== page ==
These and other objects of the present invention are attained in a protection system for an electric motor employed to drive a compressor of a mechanical refrigeration unit with the motor being connected to a source of electrical energy. Fault sensing means are provided in direct contact with the motor to disconnect the motor from the source of electrical energy upon the occurrence of a fault. The protection system further includes means responsive to the flow of electrical energy to the compressor motor. The energy responsive means is placed in a first state when energy is supplied to the motor and is placed in a second state when the supply of electrical energy is discontinued. The protection system further includes lock-out means including holding means operable between first and second states. The holding means is placed in its second state in response to the electrical energy responsive means being placed in its first or energized state. The holding means remains in its second state in response to the electrical responsive means being placed in its second or deenergized state. The holding means remains in its second state when the motor is disconnected from the source of electrical energy by the fault sensing means to prevent the motor from being reconnected to the source of electrical energy even though a requirement for conditioned air is sensed by suitable thermostatic means. The holding means is placed in its first state upon the manual opening of a switch in series therewith whereby the motor is reconnected to the source of electrical energy upon the reclosing of the thermostatic switch means.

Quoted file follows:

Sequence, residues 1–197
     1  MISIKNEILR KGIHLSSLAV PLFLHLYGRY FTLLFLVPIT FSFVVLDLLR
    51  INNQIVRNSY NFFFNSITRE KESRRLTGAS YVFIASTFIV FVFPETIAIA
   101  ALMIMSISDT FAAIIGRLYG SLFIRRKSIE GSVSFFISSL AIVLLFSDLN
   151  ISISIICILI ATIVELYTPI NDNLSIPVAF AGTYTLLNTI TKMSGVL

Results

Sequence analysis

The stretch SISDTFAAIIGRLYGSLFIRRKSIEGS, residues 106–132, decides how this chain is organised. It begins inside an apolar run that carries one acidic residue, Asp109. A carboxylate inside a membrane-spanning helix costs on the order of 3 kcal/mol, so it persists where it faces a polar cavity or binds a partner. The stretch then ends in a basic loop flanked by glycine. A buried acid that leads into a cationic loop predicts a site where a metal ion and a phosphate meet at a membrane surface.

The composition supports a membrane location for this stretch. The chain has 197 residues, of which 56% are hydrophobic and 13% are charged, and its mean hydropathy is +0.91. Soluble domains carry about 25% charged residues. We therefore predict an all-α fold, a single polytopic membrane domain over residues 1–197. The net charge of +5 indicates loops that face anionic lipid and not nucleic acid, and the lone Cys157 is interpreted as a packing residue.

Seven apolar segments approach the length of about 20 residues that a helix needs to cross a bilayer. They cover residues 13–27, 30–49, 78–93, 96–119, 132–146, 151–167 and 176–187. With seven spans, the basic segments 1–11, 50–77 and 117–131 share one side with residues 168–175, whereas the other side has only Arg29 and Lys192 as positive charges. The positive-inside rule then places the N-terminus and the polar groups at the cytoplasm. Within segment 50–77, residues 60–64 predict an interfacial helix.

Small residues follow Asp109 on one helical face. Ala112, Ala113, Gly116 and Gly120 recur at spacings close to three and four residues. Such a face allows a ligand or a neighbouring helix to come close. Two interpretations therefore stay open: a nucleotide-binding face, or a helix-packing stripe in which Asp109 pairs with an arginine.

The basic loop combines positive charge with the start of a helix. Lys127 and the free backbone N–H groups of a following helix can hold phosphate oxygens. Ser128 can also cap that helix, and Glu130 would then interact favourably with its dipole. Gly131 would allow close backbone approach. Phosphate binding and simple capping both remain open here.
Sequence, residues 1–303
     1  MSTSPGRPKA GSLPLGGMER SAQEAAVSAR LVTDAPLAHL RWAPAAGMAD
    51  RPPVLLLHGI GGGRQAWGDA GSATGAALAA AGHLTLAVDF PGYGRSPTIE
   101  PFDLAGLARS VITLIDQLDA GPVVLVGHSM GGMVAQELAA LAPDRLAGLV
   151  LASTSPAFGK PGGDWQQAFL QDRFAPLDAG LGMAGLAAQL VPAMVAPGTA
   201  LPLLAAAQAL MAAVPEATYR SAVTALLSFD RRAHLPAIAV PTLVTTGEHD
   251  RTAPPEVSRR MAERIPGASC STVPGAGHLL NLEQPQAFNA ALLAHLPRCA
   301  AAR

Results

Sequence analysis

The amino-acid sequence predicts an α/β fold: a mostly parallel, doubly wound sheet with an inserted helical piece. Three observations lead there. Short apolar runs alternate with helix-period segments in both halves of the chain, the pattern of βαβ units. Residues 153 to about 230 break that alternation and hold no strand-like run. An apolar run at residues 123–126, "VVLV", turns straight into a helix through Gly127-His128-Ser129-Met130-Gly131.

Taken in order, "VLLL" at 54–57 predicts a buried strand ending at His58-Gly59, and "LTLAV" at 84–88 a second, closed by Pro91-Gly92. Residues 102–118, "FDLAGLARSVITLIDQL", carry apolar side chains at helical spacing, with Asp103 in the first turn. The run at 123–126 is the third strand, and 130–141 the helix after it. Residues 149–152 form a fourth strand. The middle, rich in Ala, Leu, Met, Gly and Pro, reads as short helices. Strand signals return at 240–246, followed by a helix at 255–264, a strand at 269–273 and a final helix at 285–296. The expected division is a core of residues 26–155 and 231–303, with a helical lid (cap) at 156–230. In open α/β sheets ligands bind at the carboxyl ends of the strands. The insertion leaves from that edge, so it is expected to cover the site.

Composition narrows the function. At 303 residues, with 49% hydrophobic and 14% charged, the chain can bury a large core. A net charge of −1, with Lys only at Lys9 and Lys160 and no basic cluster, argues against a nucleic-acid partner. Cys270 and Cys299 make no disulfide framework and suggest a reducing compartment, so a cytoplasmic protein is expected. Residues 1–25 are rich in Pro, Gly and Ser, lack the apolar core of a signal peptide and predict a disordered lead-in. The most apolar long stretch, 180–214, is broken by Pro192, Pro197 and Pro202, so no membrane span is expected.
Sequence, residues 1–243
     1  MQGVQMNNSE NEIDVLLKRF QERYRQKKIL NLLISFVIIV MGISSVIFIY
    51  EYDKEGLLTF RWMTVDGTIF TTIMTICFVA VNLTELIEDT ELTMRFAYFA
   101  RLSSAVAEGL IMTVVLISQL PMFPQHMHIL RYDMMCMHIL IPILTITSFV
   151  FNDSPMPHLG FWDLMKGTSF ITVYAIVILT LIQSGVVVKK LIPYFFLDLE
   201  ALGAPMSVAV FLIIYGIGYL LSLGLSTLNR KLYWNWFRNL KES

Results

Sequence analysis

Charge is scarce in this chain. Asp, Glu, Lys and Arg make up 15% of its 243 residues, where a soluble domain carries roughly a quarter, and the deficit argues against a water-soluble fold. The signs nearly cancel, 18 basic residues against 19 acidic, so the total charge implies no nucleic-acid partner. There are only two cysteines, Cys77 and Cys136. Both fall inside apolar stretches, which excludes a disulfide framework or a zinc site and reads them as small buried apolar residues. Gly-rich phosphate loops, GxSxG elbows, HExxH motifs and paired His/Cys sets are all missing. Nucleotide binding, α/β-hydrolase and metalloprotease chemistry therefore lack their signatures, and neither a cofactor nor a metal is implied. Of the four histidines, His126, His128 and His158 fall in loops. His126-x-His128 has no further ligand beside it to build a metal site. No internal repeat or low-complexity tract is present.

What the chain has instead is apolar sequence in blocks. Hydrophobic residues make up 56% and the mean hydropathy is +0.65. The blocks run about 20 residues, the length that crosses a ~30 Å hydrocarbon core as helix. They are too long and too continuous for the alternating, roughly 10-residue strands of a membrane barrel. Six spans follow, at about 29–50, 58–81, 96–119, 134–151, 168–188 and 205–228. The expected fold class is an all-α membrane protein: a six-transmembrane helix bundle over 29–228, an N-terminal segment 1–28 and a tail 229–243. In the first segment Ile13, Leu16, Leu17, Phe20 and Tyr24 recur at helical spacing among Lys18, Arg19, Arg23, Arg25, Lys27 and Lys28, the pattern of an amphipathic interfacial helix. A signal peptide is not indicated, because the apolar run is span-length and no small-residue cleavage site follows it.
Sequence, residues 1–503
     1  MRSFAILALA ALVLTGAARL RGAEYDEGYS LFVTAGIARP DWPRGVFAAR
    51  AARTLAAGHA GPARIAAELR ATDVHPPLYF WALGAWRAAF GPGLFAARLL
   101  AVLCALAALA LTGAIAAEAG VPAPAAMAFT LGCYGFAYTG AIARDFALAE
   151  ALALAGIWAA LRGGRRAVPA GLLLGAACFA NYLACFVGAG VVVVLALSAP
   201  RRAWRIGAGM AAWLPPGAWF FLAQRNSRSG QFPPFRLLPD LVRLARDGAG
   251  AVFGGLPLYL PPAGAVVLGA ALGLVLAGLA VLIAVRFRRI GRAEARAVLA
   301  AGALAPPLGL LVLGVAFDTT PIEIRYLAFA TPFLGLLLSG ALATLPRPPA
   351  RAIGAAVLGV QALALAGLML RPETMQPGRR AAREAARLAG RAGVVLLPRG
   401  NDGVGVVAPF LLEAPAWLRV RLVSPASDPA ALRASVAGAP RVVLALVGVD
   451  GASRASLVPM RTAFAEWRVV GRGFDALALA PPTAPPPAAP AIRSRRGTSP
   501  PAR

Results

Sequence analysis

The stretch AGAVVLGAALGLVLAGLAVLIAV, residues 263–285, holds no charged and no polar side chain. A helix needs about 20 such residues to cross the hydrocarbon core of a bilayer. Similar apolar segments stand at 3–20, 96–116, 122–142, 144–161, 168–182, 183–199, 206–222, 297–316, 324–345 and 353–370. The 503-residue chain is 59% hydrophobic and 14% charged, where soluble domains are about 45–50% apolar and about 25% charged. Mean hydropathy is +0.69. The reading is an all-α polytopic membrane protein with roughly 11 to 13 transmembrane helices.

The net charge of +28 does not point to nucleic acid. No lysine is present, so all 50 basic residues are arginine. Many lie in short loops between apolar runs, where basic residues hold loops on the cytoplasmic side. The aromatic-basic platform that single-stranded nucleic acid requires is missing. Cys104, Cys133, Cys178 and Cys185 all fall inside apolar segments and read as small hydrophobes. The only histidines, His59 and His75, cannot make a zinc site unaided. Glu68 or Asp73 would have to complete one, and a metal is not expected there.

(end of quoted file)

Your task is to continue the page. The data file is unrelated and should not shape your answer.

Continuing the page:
BRIEF DESCRIPTION OF THE DRAWINGS

FIG. 1 schematically illustrates a mechanical refrigeration unit including an electric motor having a protection system in accordance with the instant invention; and

FIG. 2 schematically illustrates an electric motor protection system of the instant invention.

DESCRIPTION OF THE PREFERRED EMBODIMENT

Referring now to the drawings, there is illustrated a preferred embodiment of the instant invention. In referring to the several figures, like numerals shall refer to like parts.